"Shady Merchan(t)dise "
by Clay Moore
Everyone knows that moments of crisis tend to bring out the best and worst in
people, and those on the east coast are all too familiar with this in recent months.
The last time I checked, the craft beer industry was thriving. West coast breweries are
opening up shops east of the Mississippi and small craft breweries are finalizing their
regulatory hoop-jumping to start up and join the fun.
So, why are some liquor stores being such shady characters lately?
Over the past 6 months, I've noticed an increase in uncraft behavior in
NJ liquor stores. While this is not a new phenomenon, it seemed to rear its
ugly head during the first drop of Enjoy By in August 2012 and for each
super-rare release by other brewers since then.
The games that some played by pretending they didn't have it or having
it and selling 1 bottle per person while selling the next person multiple bottles
just isn't right. For any beer, I would not be opposed to a one bottle limit or a
few days before allowing multiple purchases to take place. However, this only
works if ALL stores play by the rules, which is unlikely.
Here are 2 recent examples of what seems to be rule more than
the exception lately. The names have only slightly changed, but
we aren't protecting the innocent here.
1) Two of my friends on separate occasions at the same Union County
store were refused a 4 pack of XXXX after the on-floor salesperson
was willing to sell it. However, when the manager came out from
behind his mighty curtain and made up some story that it had to
be "pre-ordered," both sales were refused by the store.
(2) With confirmation from a bar owner and one with intimate
knowledge, I walked in to purchase a bottle of XXXX at a Somerset County
liquor store. The"delicate genius" was called to the front when I inquired:
Can I get a bottle of XXXX?
We didn't get any XXXX deliveries with the holidays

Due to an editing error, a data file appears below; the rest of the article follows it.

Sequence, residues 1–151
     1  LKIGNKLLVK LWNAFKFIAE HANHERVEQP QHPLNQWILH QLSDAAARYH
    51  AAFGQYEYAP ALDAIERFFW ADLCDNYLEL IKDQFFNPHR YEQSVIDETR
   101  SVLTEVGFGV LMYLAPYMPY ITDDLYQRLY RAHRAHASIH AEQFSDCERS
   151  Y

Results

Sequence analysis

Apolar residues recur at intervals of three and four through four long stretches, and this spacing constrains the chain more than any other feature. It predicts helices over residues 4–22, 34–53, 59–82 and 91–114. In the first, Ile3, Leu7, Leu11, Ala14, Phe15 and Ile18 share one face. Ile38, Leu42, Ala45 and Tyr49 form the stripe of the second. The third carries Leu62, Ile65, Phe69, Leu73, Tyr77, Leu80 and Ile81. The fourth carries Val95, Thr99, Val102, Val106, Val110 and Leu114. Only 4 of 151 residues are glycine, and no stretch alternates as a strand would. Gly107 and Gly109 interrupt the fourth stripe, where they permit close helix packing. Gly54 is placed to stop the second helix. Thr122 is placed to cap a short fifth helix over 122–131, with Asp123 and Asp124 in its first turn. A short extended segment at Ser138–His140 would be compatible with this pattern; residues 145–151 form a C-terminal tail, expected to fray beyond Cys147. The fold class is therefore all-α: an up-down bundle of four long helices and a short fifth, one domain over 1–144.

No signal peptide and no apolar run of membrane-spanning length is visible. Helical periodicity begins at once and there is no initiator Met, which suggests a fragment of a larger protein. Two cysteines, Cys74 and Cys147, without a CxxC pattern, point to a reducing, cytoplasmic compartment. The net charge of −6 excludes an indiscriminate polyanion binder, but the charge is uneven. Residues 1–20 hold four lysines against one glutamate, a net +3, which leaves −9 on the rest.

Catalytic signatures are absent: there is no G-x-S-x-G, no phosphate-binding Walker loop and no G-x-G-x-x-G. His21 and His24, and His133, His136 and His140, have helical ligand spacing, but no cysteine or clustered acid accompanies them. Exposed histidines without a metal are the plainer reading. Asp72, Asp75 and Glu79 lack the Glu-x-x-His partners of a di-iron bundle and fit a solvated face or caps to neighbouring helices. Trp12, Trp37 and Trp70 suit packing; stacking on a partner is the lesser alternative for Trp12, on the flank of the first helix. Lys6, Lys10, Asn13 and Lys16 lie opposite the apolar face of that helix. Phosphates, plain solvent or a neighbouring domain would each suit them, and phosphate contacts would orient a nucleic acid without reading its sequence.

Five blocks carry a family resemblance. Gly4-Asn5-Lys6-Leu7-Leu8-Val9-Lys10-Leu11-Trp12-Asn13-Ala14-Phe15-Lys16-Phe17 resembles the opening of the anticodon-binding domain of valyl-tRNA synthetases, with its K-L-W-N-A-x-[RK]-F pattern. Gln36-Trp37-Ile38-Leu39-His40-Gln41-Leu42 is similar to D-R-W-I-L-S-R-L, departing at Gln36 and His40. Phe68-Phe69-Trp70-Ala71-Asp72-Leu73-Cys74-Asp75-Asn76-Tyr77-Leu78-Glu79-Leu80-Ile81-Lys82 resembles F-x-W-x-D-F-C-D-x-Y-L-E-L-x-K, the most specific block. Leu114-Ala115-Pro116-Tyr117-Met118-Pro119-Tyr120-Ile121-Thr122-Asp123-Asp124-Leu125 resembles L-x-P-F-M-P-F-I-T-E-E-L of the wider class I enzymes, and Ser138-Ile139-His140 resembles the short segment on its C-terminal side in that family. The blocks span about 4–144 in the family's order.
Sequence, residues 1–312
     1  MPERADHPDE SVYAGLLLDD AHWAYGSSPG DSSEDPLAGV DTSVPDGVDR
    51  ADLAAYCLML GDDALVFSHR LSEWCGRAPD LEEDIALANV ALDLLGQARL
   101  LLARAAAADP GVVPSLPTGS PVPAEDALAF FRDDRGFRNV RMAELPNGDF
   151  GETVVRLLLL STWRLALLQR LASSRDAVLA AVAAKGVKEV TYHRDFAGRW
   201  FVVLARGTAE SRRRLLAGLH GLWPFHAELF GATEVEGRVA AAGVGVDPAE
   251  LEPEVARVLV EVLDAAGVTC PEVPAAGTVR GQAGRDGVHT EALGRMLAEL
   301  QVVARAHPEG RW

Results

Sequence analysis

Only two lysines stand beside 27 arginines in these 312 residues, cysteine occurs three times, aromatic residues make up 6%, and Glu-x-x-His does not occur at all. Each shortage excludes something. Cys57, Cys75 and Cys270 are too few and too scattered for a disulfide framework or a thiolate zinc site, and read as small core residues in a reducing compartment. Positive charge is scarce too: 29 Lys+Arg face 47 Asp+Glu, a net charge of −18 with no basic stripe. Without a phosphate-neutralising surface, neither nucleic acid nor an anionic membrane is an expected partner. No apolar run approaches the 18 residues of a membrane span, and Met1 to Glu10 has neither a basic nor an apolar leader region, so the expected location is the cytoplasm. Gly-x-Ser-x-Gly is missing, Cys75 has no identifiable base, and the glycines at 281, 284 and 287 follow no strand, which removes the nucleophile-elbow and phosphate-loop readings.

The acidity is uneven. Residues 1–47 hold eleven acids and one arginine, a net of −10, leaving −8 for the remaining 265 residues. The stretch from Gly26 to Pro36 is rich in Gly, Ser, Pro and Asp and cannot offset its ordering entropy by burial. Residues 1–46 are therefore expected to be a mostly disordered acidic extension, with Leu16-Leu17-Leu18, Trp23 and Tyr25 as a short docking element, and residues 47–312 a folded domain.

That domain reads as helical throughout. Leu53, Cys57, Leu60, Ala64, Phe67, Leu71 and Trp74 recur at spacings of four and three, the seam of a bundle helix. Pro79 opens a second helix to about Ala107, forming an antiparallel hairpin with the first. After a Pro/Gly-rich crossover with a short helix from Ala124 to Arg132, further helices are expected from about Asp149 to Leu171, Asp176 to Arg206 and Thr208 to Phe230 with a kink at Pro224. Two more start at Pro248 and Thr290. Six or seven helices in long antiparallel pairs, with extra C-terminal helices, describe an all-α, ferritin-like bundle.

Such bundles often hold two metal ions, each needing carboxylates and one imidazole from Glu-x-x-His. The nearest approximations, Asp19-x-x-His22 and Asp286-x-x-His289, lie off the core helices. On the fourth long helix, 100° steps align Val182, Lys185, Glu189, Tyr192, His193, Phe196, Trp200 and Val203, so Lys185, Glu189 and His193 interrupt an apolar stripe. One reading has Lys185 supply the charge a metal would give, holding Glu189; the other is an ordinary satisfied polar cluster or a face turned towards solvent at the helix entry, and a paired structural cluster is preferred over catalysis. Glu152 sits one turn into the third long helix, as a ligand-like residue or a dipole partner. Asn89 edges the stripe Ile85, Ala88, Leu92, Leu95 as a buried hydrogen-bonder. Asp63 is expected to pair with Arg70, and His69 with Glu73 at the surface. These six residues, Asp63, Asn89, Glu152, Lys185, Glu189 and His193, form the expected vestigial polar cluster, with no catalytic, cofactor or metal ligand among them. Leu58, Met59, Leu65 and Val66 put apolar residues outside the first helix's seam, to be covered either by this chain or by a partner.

-Are you sure?
Yep (walks away)
-I guess I should just ask what you have in the back and start there.
I don't give up anything. If you have something
in mind, ask me and I'll tell you if I have it.
-Do you have any XXXX?
I have 2 left. You can have them.
(I'm so special, I can HAVE them)
-Ok. Got any XXXX?
No. We didn't get any.
-This is ridiculous.
I don't care if you are a consumer, a distributor, a brewer or an owner of a liquor
store, but is this the type of conduct that you want associated with your industry?
While the Big 3 sit atop their Beechwood aged, triple hopped, rocky mountain
thrones and churn out what they pretend to be craft beers, the craft world has
created a secret society where it's truly the haves and have nots -- where elitists
who are part of the supply chain are improperly controlling what the
consumer can obtain. That's quite uncraft.
Just like the sports fan who knows their favorite athletes are taking PEDs,
of course we know that some of you are holding back bottles for your friends
or your personal cellar stash -- but that is simply because you are
dumb enough to say it out loud and brag about it at the bar.
The cat is out of the brown bag.
Since widespread change isn't going to occur anytime soon, the best way
to combat this is to simply don't take no for an answer (which could get awkward
and confrontational), stop going to these stores in lieu of more honest ones
or thumb your noses at these stores altogether and fill a growler elsewhere.
Beer bars can't hide what they have on tap due to their reliance on
social media promoting their tap lists, so you are likely never to
encounter the same issue there.
Now if you'll excuse me, I have to wait in line for the next bottle of a 4X IPA so rare
that I have to provide my social security number to get it.
But only after the guy behind the counter puts 2 aside for himself and his beer bros.
|the World As We
Things to Brew
You Want That in
Friend or Foe
Houston We Have a
Big Friggin Proglem
I'll Take Price
Gouging for $200,